After Rachel Maddow’s MSNBC report kicked off a week of subsequent discoveries that Rand Paul plagiarized sections of Wikipedia, magazine articles, and think tanks for his speeches, op-eds, and books, the Kentucky senator has admitted to improper sourcing, citing a staff error.
“In the thousands of speeches and op-eds Sen. Paul has produced, he has always presented his own ideas, opinions and conclusions,” said Doug Stafford, Paul’s senior adviser, in a statement. “Sen. Paul also relies on a large number of staff and advisers to provide supporting facts and anecdotes — some of which were not clearly sourced or vetted properly.”
Maddow first discovered Paul’s tendency to lift from other sources last Monday, noting that a recent speech lifted parts of a Wikipedia entry about the film “Gattaca.” Paul had been defiant, calling the charges against him the work of “hacks and haters” and challenging Maddow to a duel.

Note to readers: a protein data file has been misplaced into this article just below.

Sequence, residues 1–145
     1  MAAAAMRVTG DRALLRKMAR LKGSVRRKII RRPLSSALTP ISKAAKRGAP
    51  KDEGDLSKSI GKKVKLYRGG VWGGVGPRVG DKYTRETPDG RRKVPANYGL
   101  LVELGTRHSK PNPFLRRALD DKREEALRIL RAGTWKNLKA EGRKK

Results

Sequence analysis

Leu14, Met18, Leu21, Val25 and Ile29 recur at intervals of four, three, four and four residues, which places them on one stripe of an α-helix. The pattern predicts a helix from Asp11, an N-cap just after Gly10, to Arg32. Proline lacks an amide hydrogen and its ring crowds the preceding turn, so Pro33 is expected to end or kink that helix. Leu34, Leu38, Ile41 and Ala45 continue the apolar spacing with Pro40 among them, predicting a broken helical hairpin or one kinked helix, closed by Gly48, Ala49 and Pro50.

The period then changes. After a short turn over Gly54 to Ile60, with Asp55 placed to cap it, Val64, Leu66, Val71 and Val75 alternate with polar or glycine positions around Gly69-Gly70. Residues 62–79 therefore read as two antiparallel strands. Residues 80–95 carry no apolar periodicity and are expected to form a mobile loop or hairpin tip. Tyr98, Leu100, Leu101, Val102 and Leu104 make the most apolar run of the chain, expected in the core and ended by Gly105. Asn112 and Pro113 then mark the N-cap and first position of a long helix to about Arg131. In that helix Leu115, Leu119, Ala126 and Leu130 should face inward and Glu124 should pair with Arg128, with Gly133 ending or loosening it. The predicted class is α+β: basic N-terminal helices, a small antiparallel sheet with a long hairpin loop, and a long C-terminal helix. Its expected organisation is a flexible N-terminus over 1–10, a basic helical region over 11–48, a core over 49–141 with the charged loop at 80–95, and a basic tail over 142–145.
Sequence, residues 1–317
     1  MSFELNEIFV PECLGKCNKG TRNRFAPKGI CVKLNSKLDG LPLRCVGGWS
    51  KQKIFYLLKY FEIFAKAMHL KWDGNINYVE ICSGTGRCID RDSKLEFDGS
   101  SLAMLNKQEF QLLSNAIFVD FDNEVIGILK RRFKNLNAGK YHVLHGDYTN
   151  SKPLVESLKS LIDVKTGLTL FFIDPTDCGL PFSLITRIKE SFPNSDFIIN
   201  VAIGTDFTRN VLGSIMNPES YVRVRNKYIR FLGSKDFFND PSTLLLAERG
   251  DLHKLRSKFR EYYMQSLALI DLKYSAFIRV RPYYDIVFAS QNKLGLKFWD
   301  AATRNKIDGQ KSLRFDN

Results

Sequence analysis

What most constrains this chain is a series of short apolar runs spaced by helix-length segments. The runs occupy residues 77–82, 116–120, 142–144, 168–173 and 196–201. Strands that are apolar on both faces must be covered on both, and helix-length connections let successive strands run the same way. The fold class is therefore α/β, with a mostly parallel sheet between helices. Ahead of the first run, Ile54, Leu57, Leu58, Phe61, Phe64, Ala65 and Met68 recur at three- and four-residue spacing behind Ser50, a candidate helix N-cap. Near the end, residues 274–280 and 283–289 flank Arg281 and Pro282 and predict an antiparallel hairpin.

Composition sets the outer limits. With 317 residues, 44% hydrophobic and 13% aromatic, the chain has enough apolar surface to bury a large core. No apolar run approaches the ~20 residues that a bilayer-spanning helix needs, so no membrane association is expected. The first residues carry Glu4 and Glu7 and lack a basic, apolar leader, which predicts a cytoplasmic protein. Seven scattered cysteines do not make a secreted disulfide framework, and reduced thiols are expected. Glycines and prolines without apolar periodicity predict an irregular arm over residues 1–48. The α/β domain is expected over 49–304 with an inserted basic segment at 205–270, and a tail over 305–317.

But after several outlets picked up on additional instances of plagiarism, Paul was forced to admit that he (or at least, his staff) had erred.
Stafford promised that, in the future, Paul would have a new “approval process” in place and “quoting, footnoting and citing will be more complete.”
Paul was less contrite in an interview with the New York Times, however, saying “What we are going to do from here forward, if it will make people leave me the hell alone, is we’re going to do them like college papers.”